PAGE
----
I know I’m writing a novel here… but some more information: I’m 6’2", 235lbs, deal with some choppyish water (water can easily swell over the kayak in what I consider decent conditions), I travel about five miles in about an hour (unless there’s a strong current I’m fighting against). I’m looking to be able to go a farther distance in my allotment of one or two hours. Also would like to be able to do more of a day trip eventually, but would be difficult to do in these waters with this kayak.

Thank you for any and all advice!

learn what you don’t know
My suggestion right now isn;t toward a specific boat, but instead for a way to help you figure out what boat would work for you. And the first step for that would be to take one of the day long intro to sea kayaking classes offered by paddling shops.

Much about paddling is pretty self obvious, which is why most anyone can hop in a boat and paddle away. But there are also areas which are not. So taking a class should help you be more efficient and safe on the water.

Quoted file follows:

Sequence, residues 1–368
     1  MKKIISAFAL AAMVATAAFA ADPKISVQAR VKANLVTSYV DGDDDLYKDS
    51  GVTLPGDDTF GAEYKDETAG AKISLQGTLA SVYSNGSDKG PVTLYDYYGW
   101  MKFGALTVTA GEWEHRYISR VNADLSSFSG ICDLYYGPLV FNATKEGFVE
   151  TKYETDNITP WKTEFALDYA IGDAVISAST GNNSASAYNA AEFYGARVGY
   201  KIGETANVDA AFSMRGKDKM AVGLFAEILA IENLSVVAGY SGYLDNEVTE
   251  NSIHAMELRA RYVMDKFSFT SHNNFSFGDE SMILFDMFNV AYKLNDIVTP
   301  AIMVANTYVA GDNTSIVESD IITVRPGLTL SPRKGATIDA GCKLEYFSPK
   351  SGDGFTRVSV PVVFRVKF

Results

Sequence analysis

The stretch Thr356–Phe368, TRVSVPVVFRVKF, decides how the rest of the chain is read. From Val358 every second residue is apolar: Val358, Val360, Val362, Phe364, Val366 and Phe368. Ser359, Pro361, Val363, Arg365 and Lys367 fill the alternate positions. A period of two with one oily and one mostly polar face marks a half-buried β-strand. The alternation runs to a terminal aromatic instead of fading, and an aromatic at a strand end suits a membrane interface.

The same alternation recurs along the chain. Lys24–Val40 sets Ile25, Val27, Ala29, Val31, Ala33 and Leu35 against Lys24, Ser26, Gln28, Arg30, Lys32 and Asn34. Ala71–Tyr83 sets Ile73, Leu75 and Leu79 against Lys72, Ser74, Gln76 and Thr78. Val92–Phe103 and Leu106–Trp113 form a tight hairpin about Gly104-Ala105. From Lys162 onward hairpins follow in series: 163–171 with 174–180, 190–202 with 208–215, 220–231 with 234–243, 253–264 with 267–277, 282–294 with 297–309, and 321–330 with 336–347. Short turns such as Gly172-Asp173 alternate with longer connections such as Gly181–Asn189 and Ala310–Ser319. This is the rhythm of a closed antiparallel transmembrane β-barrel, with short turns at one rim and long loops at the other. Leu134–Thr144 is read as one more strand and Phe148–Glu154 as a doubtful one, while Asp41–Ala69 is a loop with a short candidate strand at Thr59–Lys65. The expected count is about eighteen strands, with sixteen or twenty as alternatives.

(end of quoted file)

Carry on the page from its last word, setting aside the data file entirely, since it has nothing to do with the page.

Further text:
Added benefit, most intro classes are at retailers, and they are more than happy to let you demo different boats as part of the class.

Well coolhand
First, I’m thinking you are in for a real treat, if and when you experience “the right boat.”

Do not make the mistake of thinking you have to have a ruddered boat to do the job. You didn’t mention how much money you are prepared to spend, but for a person of your size, I can suggest at least one boat that I believe would do exactly what you are looking to do for a very reasonable price. That would be the Current Designs Sirocco. There are many others, but I strongly recommend you take a look if at all possible.

Now, if price is not too restricted, I could rattle off a bunch of boats that you would be thrilled with, but, any improvement over the Sirocco would be a matter of opinion.

I have actually been thinking about this, and have a local shop I’ve already talked to over the phone. It’s on my to-do list! Yes, I get what you’re saying. I learned the hard way that I needed to improve, torn rotator cuff. Got some instructions from some guys who’ve been kayaking for quite a while.